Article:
• A family member, health professional, or other representative may request an accommodation on behalf of an EEOC employee or applicant. The request should go to one of the same persons to whom the employee or applicant would make the request.

III. Written Requests for Record Keeping Purposes

To enable EEOC to keep accurate records regarding requests for accommodation, employees seeking a reasonable accommodation must follow up an oral request either by completing the attached "Confirmation of Request" form or otherwise confirming their request in writing (including by e-mail) to the Disability Program Manager. For applicants seeking a reasonable accommodation, the Personnel Management Specialist handling the request must give them the "Confirmation of Request" form to fill out.(2) If an individual with a disability requires assistance with this requirement, the staff member receiving the request will provide that assistance.

While the written confirmation should be made as soon as possible following the request, it is not a requirement for the request itself. EEOC will begin processing the request as soon as it is made, whether or not the confirmation has been provided.

A written confirmation is not required when an individual needs a reasonable accommodation on a repeated basis (e.g., the assistance of sign language interpreters or readers). The written form is required only for the first request although, of course, appropriate notice must be given each time the accommodation is needed. (See Appendix A for information on requesting sign language interpreters.)

IV. Determining Which EEOC Official Will Handle the Request

As the first step in processing a request for reasonable accommodation, the EEOC staff member who receives the request must determine who will be responsible for handling it and forward it, if necessary. The person who handles the request for accommodation will be referred to as the "decision maker." There are four possible decision makers: a Personnel Management Specialist, an employee's supervisor, an employee's office director, and the Disability Program Manager. A staff member receiving a request for accommodation should follow the instructions below to determine which of these individuals should receive the request.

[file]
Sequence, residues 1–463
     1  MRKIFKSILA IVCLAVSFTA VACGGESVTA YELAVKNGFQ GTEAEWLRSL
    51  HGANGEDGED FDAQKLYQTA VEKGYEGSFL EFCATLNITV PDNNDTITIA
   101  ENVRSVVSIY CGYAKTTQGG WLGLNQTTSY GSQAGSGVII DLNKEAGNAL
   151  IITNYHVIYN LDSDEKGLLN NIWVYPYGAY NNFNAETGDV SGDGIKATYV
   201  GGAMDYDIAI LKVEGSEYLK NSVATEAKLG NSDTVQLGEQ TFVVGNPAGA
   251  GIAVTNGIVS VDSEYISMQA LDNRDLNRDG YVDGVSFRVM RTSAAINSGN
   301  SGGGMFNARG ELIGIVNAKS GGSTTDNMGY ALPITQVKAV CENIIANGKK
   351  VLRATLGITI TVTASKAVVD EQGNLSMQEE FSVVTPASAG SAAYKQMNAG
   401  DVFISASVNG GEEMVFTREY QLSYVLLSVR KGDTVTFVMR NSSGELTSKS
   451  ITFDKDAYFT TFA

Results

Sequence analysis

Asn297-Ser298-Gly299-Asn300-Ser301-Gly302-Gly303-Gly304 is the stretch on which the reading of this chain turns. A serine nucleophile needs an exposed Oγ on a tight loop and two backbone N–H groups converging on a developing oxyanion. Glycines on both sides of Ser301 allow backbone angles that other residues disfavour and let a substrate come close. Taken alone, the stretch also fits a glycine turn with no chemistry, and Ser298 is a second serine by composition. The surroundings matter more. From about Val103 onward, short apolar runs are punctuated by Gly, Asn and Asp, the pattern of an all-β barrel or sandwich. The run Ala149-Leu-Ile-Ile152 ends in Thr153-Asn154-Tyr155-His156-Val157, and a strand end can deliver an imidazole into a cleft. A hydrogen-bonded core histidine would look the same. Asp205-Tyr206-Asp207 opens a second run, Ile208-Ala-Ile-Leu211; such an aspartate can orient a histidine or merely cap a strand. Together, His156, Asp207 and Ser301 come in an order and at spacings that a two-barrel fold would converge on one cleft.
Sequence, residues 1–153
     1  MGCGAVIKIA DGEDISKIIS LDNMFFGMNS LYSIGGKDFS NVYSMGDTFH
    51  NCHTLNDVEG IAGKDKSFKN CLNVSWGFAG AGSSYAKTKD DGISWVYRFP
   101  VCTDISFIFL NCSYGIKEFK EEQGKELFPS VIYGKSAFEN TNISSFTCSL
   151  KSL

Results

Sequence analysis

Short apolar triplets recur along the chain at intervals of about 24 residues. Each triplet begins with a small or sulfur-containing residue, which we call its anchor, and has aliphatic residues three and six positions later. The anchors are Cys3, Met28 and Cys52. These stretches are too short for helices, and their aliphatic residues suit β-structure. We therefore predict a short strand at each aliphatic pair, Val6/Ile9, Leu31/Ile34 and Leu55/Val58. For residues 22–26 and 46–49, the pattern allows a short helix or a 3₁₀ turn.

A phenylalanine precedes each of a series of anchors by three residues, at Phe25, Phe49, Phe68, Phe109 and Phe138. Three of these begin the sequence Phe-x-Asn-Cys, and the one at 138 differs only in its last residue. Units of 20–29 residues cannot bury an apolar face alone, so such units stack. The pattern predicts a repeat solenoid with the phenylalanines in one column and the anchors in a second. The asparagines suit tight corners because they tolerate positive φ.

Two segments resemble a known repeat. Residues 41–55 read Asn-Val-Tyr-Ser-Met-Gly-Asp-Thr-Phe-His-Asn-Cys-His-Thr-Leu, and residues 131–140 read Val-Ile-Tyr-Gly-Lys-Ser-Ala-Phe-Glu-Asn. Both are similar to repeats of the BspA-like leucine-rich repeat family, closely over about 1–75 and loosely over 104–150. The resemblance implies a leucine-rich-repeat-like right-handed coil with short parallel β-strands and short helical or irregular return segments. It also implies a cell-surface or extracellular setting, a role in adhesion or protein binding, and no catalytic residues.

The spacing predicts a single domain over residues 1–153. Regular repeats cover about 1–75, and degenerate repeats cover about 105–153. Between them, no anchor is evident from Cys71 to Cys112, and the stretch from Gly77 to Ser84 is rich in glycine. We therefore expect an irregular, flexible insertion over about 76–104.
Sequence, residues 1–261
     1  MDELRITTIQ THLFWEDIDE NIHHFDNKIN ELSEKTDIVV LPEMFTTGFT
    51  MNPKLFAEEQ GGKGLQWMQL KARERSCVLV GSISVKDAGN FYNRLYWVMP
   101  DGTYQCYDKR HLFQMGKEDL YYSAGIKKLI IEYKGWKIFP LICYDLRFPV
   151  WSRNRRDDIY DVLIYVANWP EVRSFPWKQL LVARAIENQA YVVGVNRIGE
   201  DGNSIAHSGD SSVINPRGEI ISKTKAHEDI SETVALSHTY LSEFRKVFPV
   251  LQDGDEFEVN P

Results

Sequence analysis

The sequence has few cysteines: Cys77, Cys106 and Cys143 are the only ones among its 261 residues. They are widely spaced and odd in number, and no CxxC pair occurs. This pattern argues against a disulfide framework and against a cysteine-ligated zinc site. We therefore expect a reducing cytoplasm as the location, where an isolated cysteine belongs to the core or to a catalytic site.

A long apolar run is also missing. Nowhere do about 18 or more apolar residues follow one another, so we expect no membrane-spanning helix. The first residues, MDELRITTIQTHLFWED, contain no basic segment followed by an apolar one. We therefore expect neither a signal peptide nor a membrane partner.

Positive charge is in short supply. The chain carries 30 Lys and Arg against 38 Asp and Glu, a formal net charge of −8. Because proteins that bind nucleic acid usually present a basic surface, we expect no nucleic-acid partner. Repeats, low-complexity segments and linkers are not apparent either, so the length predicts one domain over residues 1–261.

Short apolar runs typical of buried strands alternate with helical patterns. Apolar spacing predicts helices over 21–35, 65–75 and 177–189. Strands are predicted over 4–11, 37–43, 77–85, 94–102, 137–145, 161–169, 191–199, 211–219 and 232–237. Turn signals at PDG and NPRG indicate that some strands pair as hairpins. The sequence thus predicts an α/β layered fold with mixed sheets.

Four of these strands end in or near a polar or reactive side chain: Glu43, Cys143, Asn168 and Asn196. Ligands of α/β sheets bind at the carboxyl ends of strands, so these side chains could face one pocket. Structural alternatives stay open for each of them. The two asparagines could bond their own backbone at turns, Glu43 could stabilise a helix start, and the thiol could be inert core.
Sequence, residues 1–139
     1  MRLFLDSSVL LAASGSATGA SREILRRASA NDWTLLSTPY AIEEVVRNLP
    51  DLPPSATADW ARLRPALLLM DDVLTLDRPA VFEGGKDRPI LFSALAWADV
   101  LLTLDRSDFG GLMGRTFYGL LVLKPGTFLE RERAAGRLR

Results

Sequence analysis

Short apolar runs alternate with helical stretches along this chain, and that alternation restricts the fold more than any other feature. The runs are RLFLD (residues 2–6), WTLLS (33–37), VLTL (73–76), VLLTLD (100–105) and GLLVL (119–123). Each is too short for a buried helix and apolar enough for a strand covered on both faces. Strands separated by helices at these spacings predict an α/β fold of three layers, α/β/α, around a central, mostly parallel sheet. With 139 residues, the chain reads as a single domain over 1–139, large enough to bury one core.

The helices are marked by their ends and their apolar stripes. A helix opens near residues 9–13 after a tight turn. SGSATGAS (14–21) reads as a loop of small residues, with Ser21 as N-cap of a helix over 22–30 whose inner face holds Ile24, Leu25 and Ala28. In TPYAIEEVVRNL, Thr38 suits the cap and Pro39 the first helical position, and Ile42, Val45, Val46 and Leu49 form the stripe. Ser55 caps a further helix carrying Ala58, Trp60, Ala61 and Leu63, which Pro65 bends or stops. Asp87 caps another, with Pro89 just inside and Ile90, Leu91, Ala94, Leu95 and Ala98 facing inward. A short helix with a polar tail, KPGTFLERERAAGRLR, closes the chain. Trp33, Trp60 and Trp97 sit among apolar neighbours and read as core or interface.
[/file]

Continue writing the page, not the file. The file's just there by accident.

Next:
The request should be forwarded to the appropriate person as soon as possible but in no more than five business days.(3) All referrals must be copied to the Office Director of the employee requesting the accommodation. If the person receiving the request, including the Disability Program Manager, is also the decision maker, s/he should promptly notify the employee's Office Director that the request has been made.

  • Requests for accommodation from applicants will be handled by the Personnel Management Specialist responsible for the recruitment and/or selection process.
  • Requests for accommodation from employees will be handled by the requesting employee's immediate supervisor unless the request is one which should be handled by the Office Director or the Disability Program Manager, as explained below.
    • Certain requests for accommodation will be handled by the Office Director or his or her designee. These include requests involving personnel actions (other than reassignment) and requests by field staff for accessible parking. (Accessible parking for headquarters staff is discussed below.)
    • Certain requests for accommodation will be handled by the Disability Program Manager. The Disability Program Manager will handle the following:
      • Requests for adaptive equipment, including information technology and communications equipment, or specially designed furniture. The Disability Program Manager will coordinate adaptive equipment requests with the Office of Information Resources Management and furniture requests with the Office of the Chief Financial Officer.
      • Requests for a reader or sign language interpreter, or other staff assistant to enable employees to perform their job functions, where the accommodation cannot be provided by current staff. The Disability Program Manager will coordinate such requests with the Office of Human Resources. (See Appendix A for information on requesting sign language interpreters and Appendix B for information on hiring staff assistants.)
      • Requests for the removal of an architectural barrier(s), including reconfigured work spaces. The Disability Program Manager will coordinate these requests with the Office of the Chief Financial Officer who will, as necessary, coordinate with the General Services Administration or the owner of the building.
      • Requests by headquarters staff for accessible parking.